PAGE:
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Students fight through cyber security match

May 12, 2011

by Zach Beaird, STAFF REPORTER

Hacking was the name of the game as cyber security students battled it out May 6 at Cyber Storm 2011.

After spending the quarter learning the ins and outs of cyber security, students put their knowledge to the test in this “Star Wars”-themed event.

Jean Gourd, an assistant professor in computer science, said Cyber Storm was an event students have been working on since the beginning of the quarter.

“The students have been working the entire quarter learning how to set up and operate the equipment, servers and networks, as well as securing it all along the way,” Gourd said. “Now, they’re trying to defend that while trying to attack their opponents.”

Students furiously hacked for eight hours, though Gourd said the event has the potential to last much longer with all of the work that goes into attacking and securing a network.

The majority of the students were split into two main teams, the Jedis and the Sith. Both teams earned points by successfully hacking the opposing team as well as keeping their own network secure.

However, four smaller groups issued additional challenges and obstacles for both teams along the way.

The administration, the Force, issued additional challenges and questions throughout the day to give opportunities for extra points. There were also two teams, the Dark Side and the Ewoks, whose only goal was to take both competing teams.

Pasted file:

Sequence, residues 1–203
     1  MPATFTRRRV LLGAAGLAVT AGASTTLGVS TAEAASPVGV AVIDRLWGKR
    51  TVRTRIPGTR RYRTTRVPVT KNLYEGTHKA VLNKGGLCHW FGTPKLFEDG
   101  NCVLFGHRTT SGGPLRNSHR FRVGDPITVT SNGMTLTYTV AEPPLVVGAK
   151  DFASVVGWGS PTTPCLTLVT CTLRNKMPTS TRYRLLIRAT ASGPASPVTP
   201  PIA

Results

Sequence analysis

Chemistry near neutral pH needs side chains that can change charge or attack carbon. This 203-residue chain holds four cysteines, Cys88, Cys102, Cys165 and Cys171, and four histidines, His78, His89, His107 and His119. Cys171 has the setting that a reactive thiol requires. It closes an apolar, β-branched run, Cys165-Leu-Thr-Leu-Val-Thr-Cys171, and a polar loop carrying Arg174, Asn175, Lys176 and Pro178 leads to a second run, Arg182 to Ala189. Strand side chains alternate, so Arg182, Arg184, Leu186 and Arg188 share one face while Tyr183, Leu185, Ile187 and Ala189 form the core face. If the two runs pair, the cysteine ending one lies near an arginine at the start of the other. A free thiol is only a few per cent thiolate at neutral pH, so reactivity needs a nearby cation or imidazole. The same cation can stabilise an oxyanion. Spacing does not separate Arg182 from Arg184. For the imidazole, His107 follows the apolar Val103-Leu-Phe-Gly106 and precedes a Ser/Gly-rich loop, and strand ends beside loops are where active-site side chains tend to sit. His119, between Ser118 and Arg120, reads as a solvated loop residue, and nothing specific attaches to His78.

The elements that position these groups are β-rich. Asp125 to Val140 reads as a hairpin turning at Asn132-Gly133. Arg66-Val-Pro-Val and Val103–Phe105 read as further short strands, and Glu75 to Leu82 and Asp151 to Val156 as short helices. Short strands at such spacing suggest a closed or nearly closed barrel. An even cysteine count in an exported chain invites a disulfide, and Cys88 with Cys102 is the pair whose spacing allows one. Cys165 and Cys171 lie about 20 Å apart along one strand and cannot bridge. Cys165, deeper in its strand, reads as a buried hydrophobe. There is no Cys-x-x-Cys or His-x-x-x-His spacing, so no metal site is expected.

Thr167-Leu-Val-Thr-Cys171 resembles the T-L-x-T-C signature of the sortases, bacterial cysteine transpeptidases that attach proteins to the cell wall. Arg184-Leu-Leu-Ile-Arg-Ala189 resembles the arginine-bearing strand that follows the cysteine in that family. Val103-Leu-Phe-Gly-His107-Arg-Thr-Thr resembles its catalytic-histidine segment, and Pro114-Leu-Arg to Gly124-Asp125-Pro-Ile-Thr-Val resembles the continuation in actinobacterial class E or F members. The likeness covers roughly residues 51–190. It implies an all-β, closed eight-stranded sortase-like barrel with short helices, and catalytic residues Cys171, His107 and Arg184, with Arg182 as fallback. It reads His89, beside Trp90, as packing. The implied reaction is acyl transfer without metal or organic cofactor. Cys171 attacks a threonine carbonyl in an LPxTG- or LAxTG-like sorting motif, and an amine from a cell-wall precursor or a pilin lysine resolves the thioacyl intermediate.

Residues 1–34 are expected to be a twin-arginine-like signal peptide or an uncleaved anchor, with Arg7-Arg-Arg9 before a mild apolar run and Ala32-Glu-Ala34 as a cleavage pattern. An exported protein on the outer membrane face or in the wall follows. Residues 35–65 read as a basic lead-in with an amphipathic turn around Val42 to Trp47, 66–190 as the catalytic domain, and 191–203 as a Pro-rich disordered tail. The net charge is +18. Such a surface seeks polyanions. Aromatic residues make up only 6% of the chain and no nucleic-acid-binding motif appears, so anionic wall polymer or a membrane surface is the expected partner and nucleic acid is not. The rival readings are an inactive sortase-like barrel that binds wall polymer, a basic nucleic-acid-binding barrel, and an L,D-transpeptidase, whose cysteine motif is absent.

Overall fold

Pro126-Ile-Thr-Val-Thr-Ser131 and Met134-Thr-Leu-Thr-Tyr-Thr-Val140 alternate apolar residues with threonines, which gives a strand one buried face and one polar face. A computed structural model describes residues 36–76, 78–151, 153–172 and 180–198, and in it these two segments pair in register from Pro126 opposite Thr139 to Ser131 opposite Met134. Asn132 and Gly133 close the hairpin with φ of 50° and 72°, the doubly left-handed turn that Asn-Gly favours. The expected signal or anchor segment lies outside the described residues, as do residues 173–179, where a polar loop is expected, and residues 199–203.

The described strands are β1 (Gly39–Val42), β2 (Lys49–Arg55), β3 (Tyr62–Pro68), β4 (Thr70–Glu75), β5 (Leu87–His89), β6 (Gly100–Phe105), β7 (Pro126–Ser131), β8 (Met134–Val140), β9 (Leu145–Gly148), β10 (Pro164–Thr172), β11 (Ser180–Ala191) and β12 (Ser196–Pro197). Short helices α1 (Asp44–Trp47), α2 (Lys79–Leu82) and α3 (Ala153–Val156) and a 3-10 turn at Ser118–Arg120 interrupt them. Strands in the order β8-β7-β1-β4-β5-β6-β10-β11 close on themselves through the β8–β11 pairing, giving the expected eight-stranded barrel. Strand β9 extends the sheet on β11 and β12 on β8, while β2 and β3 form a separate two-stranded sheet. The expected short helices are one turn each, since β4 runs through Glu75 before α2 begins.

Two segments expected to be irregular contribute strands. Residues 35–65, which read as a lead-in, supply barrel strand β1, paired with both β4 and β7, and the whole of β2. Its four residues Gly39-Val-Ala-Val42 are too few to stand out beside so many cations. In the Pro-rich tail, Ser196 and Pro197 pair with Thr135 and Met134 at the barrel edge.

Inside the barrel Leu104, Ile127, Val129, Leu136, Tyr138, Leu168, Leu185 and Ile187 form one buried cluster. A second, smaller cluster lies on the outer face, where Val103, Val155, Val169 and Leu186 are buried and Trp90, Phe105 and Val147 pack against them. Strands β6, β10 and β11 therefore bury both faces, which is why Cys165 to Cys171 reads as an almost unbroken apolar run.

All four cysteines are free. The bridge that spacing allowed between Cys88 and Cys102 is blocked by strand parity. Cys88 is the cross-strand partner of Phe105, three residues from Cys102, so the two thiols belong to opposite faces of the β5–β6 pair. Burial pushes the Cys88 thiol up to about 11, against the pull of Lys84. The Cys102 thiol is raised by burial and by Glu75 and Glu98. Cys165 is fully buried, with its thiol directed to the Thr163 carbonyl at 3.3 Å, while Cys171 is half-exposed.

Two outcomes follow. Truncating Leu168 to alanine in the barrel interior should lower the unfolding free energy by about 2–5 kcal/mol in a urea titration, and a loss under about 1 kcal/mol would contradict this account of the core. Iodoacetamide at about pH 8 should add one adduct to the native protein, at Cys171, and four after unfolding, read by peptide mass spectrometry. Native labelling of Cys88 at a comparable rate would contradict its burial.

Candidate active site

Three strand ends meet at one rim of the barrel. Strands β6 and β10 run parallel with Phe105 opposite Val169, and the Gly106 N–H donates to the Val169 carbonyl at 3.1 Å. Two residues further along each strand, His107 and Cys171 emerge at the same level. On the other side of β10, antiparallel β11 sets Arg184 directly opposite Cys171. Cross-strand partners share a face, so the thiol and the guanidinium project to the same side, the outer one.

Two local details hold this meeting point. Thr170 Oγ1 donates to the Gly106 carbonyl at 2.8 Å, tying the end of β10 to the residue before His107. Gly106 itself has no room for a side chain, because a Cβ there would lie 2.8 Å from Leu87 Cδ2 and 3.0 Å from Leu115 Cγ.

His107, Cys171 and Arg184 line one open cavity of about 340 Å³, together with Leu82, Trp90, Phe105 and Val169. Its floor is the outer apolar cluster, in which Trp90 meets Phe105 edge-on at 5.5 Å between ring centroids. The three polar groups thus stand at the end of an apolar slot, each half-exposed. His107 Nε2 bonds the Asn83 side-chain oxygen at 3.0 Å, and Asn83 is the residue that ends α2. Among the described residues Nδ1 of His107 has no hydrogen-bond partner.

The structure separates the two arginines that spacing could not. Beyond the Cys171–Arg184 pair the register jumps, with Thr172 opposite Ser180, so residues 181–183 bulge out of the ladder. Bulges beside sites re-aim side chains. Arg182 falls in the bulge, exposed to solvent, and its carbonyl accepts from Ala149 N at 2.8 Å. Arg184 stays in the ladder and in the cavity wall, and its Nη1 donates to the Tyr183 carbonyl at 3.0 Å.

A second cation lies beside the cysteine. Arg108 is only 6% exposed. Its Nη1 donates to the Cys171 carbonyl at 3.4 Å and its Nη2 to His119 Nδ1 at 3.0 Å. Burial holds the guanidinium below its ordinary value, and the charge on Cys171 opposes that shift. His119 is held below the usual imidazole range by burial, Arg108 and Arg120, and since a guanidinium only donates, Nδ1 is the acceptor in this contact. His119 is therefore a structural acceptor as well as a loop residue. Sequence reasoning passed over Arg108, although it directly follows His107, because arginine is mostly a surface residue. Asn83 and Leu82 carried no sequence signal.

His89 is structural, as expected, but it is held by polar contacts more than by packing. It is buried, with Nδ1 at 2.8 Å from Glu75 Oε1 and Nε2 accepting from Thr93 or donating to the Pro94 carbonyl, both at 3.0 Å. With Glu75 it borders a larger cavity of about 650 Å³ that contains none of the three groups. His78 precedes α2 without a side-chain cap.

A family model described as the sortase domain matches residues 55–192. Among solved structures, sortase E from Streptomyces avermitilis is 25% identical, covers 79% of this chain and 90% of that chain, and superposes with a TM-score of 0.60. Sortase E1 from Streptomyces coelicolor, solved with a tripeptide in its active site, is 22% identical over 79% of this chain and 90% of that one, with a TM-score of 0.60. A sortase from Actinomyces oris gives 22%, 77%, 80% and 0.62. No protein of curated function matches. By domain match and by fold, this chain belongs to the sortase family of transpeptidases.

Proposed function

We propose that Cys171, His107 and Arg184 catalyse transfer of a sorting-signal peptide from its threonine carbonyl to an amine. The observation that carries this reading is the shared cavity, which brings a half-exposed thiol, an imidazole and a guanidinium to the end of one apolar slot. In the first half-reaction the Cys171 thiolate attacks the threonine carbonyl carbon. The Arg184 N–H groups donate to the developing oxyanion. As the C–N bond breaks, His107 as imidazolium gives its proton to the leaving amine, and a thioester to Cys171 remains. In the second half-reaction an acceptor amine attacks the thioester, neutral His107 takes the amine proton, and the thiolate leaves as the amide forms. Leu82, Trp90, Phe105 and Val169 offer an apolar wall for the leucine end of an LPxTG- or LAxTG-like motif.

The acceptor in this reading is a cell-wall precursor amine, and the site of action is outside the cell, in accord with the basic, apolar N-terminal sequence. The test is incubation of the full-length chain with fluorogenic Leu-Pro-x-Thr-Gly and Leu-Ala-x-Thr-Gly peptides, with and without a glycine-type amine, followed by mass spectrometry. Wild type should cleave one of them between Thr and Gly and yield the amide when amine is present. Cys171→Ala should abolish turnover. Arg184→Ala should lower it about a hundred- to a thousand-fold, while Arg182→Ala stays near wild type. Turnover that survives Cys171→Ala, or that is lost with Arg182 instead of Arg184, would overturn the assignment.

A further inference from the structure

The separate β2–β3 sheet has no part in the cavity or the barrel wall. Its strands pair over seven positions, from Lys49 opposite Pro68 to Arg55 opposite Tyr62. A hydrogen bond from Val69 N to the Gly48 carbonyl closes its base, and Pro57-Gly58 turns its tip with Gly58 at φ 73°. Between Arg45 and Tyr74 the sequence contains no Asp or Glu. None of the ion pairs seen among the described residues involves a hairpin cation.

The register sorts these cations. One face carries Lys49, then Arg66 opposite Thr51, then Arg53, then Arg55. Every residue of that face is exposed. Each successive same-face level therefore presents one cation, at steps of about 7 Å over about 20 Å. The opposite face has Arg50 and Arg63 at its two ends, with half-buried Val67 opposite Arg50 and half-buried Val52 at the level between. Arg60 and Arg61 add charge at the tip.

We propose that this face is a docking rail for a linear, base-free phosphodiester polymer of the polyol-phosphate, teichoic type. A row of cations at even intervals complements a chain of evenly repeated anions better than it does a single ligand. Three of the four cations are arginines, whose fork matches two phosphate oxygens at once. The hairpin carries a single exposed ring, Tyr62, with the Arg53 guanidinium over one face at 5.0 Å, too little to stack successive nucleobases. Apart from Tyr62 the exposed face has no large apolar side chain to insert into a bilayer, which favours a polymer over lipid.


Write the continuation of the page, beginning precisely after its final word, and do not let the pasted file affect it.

Del Jackson, a graduate student in computational analysis and modeling, was part of one of the teams trying to take down both sides.

“My team’s job was to cause whatever chaos we could,” Jackson said. “We were meant to represent the Internet and all of the problems they can present.”

He said problems on the Internet are ones people should always acknowledge because of how detrimental they can be to cyber security.

“Secure networks can still be hacked if the proper steps are not taken,” Jackson said. “It’s important that students cover themselves to make sure they stay secure.”

The 4th smaller group, the Light Side stayed busy learning how to use the tool sets and looking at the network. Gourd said this team was given a sense of security while they worked during the Cyber Storm.

“The Light Side is not allowed to attack, but they’re also not allowed to be attacked,” he said. “They feel safe.”

With the added opposition, Gourd said the Jedis and Sith spent the day hacking using different tools, some they wrote themselves, in order to achieve certain effects.

“For example, if they’re trying to take down a machine, they might flood the network with as much traffic as possible in an attempt to prevent them from getting anything out, getting anything done and then effectively taking them down,” he said. “They’re not physically down, but their network has got so much information that effectively they’re down.”

In addition to the cyber security students’ day of hacking, students in Gourd’s senior capstone class presented their senior projects during Cyber Storm. The students were given the opportunity to show off the projects, which consisted of the design and implementation of the infrastructure that made the event possible.

Despite all of the fun surrounding the event, Gourd said the event was still to be taken seriously by students.

“Essentially, this is the final exam for the course,” he said. “As fun as it is, it’s supposed to teach the idea that you as an individual actually are a weakling if you’re not aware of cyber security.”

He said cyber security is important not only for one’s own safety but others as well.

“Your laptop can cause a lot of problems and have an effect on other people, so you need to be aware,” Gourd said. “That is what’s important. That’s why we do this.”

Email comments to zcb001@latech.edu.

 

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